If you are keen on a self-drive trip, consider heading Down Under — after all, Australia boasts of many intriguing places that are only accessible by car. Here are some dos and don’ts of driving around this island continent.
Speed limitsThe speed limit in Australia’s residential and city areas are typically between 50km/h and 60km/h (similar to Singapore), whereas the highways and country roads have speed limits between 100km/h and 110km/h. If you intend to drive in the main cities, note that the speed limit in the Central Business District of Sydney is 40km/h and 30km/h in Melbourne. It’s advisable to take note of these speed limits as you wouldn’t want to receive a speeding ticket during your holiday!
Seat belts and child seatsUnder Australian law, it is compulsory for all drivers and passengers to wear a seat belt in a moving vehicle. Should the driver or any passenger be caught flouting this rule, penalties may be incurred. When travelling with kids, babies and children must be secured in a child restraint system; for children seven years and older, it is compulsory to use a well-fitted child restraint or adult seatbelt (depending on the height and size of each child). It is best to keep a young child in a child restraint or booster seat for as long as possible — after all, it is always better to be safe than sorry.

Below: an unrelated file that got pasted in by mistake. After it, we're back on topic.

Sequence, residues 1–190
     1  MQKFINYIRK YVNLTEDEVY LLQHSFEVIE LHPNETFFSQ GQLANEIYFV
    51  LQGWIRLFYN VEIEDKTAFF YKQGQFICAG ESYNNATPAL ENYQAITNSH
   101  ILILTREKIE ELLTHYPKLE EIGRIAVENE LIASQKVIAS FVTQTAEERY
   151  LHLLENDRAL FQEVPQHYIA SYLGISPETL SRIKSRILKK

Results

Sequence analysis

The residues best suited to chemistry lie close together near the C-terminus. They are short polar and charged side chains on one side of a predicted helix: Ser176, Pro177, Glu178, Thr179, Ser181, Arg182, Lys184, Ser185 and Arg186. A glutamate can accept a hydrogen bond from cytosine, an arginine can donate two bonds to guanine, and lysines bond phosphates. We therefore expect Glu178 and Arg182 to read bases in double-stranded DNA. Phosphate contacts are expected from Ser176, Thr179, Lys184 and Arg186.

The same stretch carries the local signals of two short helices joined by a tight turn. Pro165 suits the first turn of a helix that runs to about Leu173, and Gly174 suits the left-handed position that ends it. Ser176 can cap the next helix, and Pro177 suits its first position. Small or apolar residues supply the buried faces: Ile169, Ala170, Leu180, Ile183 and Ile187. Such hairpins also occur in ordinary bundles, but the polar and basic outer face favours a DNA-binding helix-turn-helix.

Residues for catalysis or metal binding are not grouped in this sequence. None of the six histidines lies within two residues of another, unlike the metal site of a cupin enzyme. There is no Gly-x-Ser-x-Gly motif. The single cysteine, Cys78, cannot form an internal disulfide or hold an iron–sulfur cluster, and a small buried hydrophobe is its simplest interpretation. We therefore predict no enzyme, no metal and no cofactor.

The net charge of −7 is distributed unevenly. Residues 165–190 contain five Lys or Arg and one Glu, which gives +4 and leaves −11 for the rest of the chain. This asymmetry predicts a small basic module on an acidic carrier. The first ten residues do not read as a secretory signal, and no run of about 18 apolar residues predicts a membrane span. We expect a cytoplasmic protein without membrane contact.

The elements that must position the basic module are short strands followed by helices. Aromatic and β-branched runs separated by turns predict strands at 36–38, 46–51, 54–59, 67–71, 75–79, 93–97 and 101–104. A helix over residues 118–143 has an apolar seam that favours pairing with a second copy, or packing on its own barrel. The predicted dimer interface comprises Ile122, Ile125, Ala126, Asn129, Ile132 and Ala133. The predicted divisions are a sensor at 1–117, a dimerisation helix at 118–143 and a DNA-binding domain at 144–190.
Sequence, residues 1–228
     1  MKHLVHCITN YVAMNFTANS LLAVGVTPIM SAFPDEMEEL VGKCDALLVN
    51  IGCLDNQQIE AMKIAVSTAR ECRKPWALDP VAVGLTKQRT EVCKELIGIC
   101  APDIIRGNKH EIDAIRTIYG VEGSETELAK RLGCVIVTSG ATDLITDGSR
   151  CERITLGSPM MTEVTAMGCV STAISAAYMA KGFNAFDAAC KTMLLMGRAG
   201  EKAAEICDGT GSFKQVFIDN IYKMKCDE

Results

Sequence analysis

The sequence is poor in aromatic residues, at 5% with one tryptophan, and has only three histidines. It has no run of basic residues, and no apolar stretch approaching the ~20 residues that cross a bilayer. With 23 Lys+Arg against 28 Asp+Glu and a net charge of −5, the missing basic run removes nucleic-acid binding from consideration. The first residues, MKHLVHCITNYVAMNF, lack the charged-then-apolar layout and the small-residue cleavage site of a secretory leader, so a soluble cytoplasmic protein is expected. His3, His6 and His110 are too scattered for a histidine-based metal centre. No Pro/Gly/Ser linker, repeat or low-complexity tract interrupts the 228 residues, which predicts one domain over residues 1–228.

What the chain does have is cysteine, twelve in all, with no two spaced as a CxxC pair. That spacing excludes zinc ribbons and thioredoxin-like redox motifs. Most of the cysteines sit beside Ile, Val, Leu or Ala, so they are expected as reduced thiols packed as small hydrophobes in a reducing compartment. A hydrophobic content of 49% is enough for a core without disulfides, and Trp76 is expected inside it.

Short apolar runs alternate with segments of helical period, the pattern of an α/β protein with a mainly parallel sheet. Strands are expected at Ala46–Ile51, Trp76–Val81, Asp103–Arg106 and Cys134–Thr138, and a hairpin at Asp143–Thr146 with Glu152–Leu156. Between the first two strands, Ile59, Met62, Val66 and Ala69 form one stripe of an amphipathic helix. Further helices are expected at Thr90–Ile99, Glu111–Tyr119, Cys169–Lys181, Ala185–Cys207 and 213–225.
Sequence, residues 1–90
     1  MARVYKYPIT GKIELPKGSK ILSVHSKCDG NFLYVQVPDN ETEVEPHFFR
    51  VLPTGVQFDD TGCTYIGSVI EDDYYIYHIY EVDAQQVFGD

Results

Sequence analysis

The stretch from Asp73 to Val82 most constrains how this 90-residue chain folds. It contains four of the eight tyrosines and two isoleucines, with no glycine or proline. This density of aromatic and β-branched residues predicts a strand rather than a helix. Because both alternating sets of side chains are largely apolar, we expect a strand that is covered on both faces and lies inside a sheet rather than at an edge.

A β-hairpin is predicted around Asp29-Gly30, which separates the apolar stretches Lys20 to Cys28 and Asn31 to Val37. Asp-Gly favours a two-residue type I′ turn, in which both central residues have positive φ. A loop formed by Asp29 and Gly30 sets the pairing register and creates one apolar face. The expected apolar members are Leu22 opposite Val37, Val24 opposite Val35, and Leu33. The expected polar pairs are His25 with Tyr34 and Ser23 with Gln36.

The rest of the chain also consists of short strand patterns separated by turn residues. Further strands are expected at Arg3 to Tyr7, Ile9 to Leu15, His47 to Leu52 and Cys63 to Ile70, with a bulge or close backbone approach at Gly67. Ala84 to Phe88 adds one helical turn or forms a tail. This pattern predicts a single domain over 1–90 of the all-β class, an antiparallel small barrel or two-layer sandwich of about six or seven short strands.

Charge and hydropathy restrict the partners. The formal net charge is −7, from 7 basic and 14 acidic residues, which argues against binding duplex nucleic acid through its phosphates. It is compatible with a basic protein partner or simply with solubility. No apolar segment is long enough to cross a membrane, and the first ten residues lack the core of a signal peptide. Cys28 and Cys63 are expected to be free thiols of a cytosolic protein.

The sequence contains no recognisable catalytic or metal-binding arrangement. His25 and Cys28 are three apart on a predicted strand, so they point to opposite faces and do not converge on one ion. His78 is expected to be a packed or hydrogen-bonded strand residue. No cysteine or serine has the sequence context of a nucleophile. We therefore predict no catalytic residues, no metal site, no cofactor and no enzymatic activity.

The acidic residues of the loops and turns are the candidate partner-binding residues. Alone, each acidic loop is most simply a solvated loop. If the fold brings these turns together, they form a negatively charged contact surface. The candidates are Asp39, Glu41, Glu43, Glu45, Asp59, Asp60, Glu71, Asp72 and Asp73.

Blood alcohol levels
As Australia is dotted with plenty of vineyards and wineries, you may be tempted to sip a glass or two of wine at the cellar door or in the on-premises restaurant. However, keep in mind that you are not allowed to drive in Australia if your blood alcohol level hits above 0.05%.
Much like Singapore, making a U-turn at a road intersection is prohibited unless there is a traffic sign specifically permitting you to do so. The exception to this rule takes place in the state of Victoria, where drivers are allowed to make a U-turn at road intersections.
With a foreign driver’s licence, you are allowed to drive in Australia for up to three months, provided that your licence is in English. Whatever language your driver’s licence comes in, you are encouraged to apply for an International Driving Permit (IDP) whenever you intend to drive in a foreign country. As IDP is the only official legal document sanctioned by the UN Convention on Road Traffic, it helps to ease communication with car rental companies and authorities in that foreign country. Also, keep in mind that you have to be at least 21 years old to be able to rent a car in Australia.